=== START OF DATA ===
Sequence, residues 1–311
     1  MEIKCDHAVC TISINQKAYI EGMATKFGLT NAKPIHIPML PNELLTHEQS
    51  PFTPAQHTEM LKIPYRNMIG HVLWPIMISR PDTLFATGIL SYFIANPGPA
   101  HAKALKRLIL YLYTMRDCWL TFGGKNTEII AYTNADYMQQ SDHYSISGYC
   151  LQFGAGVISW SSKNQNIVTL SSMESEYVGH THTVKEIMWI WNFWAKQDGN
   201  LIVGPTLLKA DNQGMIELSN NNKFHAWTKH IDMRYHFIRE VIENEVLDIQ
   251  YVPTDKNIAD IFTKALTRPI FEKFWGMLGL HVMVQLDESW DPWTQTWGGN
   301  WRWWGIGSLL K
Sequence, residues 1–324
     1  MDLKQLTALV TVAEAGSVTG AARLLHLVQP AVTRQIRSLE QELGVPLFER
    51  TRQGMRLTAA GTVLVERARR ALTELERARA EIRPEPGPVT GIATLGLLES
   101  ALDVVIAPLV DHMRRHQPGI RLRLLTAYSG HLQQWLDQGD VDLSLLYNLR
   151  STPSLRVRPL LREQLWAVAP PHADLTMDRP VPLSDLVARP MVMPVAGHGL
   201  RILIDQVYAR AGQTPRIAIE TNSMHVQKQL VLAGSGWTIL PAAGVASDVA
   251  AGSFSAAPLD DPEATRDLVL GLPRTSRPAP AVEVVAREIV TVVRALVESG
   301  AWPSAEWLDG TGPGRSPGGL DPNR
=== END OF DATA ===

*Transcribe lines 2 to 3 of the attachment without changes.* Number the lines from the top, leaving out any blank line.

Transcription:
     1  MEIKCDHAVC TISINQKAYI EGMATKFGLT NAKPIHIPML PNELLTHEQS
    51  PFTPAQHTEM LKIPYRNMIG HVLWPIMISR PDTLFATGIL SYFIANPGPA